Hours, shifts and breaks
Zero-hour contracts and availability clauses
How do I know if I have a “zero-hour” contract?
A “zero-hour” contract is where you have no guaranteed hours of work, but you are not allowed to turn down work that is offered to you.
As a general rule, you are usually free to turn down any work that is offered over and above your guaranteed hours (unless your employment agreement includes an “availability clause” – see below).
If you have no guaranteed hours (a “zero-hour” contract), you should have the freedom to turn down hours offered to you, without being disciplined or disadvantaged by your employer.
Note: If you and your employer have verbally agreed on the hours you will work, it is their responsibility to include this in writing, in your employment agreement. The employment agreement should include, amongst other things, the hours and days you will work, and your expected start and finish times. If your employer doesn’t include these details in your employment agreement, you (or a labour inspector) can complain to the ERA. Your employer may be required to pay a penalty for breaching your minimum rights.
What’s an “availability clause”?
Your employment agreement can include a clause that gives your employer some freedom about whether they make work available to you, and when you have to accept the work (“an availability clause”). The availability clause is only valid if:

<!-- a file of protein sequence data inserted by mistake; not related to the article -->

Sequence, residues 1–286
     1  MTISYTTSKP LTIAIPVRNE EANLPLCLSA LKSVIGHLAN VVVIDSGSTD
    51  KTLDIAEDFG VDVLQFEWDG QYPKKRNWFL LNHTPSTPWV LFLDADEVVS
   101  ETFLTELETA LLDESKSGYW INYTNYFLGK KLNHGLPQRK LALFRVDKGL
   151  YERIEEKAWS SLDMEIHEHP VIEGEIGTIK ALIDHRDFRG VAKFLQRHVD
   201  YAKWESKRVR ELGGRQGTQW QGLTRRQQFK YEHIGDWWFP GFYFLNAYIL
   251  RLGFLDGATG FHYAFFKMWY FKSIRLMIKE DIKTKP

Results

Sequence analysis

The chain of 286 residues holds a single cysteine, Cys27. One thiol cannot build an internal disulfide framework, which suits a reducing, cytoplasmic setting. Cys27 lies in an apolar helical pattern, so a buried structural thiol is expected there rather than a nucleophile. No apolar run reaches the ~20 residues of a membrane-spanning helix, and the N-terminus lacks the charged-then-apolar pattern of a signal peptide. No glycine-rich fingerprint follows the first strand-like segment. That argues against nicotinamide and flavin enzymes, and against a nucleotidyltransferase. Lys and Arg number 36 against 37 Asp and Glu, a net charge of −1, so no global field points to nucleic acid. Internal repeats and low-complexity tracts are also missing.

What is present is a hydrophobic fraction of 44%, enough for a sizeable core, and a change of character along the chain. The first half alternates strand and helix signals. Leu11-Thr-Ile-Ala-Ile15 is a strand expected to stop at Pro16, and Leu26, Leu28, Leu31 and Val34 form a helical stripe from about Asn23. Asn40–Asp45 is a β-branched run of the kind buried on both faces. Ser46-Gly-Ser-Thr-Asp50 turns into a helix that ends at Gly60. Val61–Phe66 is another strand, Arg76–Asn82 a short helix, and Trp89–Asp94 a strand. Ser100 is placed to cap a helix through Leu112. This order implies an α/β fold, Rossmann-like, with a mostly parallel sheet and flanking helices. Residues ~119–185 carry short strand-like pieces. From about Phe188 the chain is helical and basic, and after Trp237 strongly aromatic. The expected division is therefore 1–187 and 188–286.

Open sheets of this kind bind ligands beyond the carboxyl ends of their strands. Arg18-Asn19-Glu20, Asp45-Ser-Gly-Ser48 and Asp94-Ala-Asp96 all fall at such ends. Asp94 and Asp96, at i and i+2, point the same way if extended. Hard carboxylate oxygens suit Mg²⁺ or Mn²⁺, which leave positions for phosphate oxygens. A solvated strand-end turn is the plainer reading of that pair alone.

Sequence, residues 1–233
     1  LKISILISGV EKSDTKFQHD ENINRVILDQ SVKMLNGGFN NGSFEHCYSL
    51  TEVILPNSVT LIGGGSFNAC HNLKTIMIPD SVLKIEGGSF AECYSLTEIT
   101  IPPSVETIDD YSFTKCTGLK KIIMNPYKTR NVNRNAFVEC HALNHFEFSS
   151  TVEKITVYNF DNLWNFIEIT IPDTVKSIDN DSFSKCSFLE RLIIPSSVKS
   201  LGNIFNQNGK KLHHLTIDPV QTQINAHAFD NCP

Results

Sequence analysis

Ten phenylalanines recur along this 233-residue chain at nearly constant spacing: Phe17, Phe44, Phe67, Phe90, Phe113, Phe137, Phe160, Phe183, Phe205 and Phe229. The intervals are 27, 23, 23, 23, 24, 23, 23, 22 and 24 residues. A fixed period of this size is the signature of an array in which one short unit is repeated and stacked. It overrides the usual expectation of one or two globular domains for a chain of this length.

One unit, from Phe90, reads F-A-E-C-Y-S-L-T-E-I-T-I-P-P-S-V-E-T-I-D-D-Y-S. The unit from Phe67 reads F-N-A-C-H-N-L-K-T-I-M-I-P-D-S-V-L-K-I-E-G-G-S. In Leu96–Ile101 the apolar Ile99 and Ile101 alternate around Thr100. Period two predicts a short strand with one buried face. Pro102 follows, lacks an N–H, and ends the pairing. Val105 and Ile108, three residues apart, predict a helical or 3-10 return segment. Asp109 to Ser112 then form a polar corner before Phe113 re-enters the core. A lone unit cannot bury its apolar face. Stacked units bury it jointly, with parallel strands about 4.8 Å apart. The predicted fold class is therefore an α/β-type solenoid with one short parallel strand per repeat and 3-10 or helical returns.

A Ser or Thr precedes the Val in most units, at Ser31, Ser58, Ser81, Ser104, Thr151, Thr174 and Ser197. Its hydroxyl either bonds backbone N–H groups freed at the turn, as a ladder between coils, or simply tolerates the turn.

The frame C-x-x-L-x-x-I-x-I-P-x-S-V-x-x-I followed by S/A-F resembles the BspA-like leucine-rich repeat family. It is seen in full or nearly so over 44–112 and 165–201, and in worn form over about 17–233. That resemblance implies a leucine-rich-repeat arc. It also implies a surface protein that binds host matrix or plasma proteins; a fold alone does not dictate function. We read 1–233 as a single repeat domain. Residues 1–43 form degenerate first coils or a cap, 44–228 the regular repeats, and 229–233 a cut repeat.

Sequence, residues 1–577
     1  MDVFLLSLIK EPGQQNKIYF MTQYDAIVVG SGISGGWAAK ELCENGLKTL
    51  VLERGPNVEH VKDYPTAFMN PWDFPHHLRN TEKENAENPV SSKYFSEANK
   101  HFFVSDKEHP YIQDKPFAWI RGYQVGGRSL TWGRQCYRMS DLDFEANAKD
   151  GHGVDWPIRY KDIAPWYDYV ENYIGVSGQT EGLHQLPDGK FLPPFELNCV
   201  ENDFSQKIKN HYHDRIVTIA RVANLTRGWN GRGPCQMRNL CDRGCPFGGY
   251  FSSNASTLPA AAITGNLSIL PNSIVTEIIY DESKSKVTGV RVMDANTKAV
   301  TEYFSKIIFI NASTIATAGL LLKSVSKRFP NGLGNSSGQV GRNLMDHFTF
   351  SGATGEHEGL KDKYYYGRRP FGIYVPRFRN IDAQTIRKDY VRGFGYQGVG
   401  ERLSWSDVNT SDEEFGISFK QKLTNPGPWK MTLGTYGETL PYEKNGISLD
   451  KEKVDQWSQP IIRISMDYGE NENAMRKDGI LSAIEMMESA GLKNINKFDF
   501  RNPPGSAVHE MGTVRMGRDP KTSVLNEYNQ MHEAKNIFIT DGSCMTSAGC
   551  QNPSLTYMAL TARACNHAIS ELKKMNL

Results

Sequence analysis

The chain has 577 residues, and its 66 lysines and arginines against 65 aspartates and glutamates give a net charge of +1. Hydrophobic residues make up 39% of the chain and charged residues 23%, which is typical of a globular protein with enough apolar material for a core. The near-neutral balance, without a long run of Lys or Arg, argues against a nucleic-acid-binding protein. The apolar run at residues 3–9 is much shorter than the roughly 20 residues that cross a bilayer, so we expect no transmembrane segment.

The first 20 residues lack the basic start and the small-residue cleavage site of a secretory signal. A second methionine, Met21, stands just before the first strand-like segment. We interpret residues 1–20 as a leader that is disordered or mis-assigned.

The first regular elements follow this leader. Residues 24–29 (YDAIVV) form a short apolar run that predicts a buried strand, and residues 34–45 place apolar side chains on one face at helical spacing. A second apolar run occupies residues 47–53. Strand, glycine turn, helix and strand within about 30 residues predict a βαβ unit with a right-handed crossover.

- your agreement gives you some guaranteed hours, and
- you’re paid reasonable compensation (see below) for making yourself available above those guaranteed hours, and
- your employer has genuine reasons based on reasonable grounds for including this availability clause.
What’s “reasonable compensation” for agreeing to an availability clause?
Relevant factors for what will be reasonable compensation for making yourself available above your guaranteed hours include:
- how many hours you have to make yourself available for work, and
- how that number compares to the number of guaranteed hours, and
- any restrictions placed on you by the clause – for example, if you can’t drink while you’re on call, or if you have to stay local rather than just being available by phone, and
- your regular pay or salary.